The market should govern carriage agreements between broadcasters and cable operators, NCTA told the FCC on Thursday.
The association cited economist Dr. Gregory Rosston of Stanford University, who says broadcasters will not air quality digital programs if the government requires cable operators to carry them. "In the absence of a digital must carry requirement, local over-the-air broadcasters might improve the quality of their digital offerings to get on the system," Rosston wrote. "With a digital must carry rule, it is possible that local over-the-air stations will have a reduced incentive to invest in the quality of their digital programming."
Broadcasters rebut this argument, saying "the stations that cannot reach voluntary carriage agreements are the ones in the most need of must carry's access to the audience to build their DTV futures," in joint comments of NAB, ALTV and MSTV. Broadcasters argue cable operators now have more capacity than ever available to carry broadcasters' signals, and so far have shown little willingness to cut deals in the marketplace. Further, broadcasters say a drawn-out transition period ultimately will harm the industry as stations bear the costs of simultaneously operating two stations.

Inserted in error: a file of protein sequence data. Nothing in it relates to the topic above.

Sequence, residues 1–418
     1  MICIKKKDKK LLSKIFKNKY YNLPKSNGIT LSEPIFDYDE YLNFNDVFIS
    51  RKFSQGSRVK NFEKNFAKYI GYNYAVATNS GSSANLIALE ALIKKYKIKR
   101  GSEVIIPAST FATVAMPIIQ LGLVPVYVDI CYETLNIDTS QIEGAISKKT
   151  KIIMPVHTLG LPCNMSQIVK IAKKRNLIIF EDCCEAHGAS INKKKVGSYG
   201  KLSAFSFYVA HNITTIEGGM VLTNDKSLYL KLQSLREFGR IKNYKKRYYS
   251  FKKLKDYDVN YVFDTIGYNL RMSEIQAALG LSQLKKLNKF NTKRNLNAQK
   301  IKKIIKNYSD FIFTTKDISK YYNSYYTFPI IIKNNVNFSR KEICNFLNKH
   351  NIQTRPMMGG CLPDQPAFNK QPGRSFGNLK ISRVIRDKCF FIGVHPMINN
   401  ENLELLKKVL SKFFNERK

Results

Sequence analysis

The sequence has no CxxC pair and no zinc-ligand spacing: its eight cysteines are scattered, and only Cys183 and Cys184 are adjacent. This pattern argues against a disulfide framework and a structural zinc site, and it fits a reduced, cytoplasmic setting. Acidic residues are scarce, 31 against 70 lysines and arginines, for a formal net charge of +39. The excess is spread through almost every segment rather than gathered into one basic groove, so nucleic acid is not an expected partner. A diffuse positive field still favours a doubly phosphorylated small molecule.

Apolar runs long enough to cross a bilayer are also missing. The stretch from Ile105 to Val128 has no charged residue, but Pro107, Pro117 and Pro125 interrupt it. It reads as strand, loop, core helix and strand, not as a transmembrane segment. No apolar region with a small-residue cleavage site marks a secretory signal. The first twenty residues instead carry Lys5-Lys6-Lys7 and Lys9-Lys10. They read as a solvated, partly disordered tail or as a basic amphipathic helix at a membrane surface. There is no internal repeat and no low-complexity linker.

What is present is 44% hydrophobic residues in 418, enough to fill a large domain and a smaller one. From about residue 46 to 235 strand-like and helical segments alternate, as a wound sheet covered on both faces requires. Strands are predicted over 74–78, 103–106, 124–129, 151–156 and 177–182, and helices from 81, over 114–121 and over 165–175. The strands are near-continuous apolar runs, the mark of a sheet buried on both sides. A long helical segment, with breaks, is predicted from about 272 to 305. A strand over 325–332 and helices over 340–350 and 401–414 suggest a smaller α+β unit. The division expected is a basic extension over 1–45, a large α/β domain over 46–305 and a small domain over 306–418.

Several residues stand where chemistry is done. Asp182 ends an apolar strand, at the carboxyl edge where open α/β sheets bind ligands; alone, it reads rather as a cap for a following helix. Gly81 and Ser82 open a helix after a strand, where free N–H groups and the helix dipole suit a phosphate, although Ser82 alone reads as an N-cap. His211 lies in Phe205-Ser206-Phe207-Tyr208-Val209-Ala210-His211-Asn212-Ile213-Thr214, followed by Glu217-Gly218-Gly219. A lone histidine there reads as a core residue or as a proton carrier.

Consumer electronics manufacturers agreed with broadcasters. "Without assurance that digital broadcast signals will reach the 70 million American households that rely on a cable signal, broadcasters and programmers will have little incentive to produce compelling digital programming," said Michael Petricone, vice president of technology policy for the Consumer Electronics Association.
CEA also agrees with broadcasters and some media companies, such as the Walt Disney Co., that cable operators must not be allowed to pick and choose which advanced and interactive services are passed along to consumers. "These options and services are the very future of television," Petricone said. - Paige Albiniak